Next door to us at the Center for Global Development is our sister institution, the Institute for International Economics. Gary Clyde Hufbauer and Paul L. E. Grieco have published some very interesting analysis which finds that:
Using four different methods, we estimate that the combination of shrinking distances … and lower political barriers to international trade and investment have generated an increase in U.S. income of roughly $1 trillion a year (measured in 2003 dollars), or about 10 percent of gross domestic product. This translates to a gain in annual income of about $10,000 per household.
These benefits are much larger than the losses faced by people who work in the industries that would be adversely affected:
we estimate that the lifetime costs of a year’s worth of trade-related job losses is roughly $54 billion, about $240,000 per affected worker. This is a huge loss on a personal level, but only about 5 percent of the annual national gains from liberalization. Moreover, a rough estimate of the adjustment costs to agricultural landowners suggests that the progressive removal of trade barriers and farm subsidies over a decade could lower agricultural land values by $27 billion a year … lower property values are a one-time private loss and a fraction of national gains.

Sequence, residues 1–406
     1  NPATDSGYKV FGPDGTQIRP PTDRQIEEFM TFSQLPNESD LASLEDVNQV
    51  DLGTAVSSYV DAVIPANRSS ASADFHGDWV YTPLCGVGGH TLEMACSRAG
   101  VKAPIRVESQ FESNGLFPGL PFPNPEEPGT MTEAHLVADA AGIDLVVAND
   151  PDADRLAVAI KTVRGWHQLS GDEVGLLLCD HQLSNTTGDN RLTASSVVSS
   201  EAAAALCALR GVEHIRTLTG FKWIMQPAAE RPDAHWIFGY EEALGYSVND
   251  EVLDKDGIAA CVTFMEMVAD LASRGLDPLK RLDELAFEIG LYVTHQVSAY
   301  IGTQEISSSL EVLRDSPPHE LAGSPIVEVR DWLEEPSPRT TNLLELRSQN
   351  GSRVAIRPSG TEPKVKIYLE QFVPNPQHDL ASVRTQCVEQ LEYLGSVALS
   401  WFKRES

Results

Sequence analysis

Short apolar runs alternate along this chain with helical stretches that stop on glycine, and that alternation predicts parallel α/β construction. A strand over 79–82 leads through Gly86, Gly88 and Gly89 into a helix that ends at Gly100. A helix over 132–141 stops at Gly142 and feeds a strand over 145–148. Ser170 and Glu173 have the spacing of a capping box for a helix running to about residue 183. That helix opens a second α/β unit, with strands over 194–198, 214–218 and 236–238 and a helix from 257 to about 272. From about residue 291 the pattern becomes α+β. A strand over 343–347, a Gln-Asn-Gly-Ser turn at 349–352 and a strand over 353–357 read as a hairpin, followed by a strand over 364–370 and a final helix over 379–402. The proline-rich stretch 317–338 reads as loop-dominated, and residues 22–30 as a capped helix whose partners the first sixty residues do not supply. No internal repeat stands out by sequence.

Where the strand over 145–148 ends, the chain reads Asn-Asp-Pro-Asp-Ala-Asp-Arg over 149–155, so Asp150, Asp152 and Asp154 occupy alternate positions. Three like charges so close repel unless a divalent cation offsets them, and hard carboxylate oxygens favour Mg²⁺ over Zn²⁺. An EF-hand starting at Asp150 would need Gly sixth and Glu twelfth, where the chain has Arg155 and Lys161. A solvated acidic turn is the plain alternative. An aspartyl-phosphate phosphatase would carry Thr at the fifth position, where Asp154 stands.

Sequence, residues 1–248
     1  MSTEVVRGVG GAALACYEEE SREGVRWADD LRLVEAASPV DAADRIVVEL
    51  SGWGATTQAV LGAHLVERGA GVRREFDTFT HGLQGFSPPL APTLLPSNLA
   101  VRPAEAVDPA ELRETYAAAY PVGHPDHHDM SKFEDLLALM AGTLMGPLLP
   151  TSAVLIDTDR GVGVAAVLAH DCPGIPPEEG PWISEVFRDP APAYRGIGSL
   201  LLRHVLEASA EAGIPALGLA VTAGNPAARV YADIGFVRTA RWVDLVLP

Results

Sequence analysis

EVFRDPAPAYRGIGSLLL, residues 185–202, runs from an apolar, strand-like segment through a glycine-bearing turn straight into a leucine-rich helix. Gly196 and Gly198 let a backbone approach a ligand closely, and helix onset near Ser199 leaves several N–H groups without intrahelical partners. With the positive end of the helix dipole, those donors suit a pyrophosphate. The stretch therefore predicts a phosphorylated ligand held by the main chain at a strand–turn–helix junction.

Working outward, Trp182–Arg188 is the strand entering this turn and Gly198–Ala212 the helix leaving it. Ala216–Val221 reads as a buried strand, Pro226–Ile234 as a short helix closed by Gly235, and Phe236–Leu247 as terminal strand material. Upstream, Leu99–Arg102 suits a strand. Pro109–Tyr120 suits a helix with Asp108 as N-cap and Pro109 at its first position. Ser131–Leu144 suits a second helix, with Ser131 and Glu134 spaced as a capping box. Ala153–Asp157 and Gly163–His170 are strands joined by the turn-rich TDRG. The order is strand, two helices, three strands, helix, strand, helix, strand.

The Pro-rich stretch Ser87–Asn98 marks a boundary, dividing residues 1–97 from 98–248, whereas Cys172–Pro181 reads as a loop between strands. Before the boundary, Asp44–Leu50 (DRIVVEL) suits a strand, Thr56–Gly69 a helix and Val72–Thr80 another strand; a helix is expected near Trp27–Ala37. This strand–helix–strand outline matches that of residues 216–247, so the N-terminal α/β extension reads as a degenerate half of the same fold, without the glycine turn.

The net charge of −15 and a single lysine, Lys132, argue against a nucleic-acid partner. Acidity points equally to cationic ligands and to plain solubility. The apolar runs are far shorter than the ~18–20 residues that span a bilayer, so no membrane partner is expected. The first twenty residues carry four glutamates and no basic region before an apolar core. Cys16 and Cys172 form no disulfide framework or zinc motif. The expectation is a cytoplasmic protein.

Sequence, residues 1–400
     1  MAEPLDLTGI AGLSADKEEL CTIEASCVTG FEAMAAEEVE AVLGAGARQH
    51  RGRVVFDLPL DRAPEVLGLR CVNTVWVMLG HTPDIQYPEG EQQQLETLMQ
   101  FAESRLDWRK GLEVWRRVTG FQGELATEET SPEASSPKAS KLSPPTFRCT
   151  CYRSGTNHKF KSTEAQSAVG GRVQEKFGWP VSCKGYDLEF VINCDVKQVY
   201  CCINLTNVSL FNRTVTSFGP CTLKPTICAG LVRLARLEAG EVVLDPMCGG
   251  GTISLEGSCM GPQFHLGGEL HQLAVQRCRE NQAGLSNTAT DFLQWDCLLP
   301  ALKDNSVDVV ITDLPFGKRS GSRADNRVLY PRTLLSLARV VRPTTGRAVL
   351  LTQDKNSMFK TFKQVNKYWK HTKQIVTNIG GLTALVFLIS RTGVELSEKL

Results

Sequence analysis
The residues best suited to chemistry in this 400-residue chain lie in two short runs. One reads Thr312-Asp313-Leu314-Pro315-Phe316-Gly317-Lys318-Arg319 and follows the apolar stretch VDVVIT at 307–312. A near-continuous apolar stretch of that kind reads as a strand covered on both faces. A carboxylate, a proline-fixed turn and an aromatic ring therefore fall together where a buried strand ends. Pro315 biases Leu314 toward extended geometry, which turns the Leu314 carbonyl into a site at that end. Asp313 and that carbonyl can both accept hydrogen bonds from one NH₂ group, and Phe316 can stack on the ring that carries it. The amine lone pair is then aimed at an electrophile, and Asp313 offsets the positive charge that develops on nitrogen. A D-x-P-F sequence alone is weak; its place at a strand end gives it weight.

This provides useful quantitative estimates which back up my view on the benefits of globalization:
- there is no question that the world as a whole is better off with free trade – the gains far outweigh the losses
- but the distribution of those gains will depend on how the liberalisation is managed
- if we want to acclerate trade liberalisation – and so reap those benefits sooner – we should be more creative about redistributing the benefits to compensate the losers. These gains are so large that, even if we provide generous benefits to the losers, we are still better off as a whole.
- we should use the benefits of global trade liberalisation to offset short term losses in developing countries – both to ensure that the poor get a large proportion of the benefits of trade liberalisation, and to ensure that the impact on poor countries does not become an obstacle to further trade liberalisation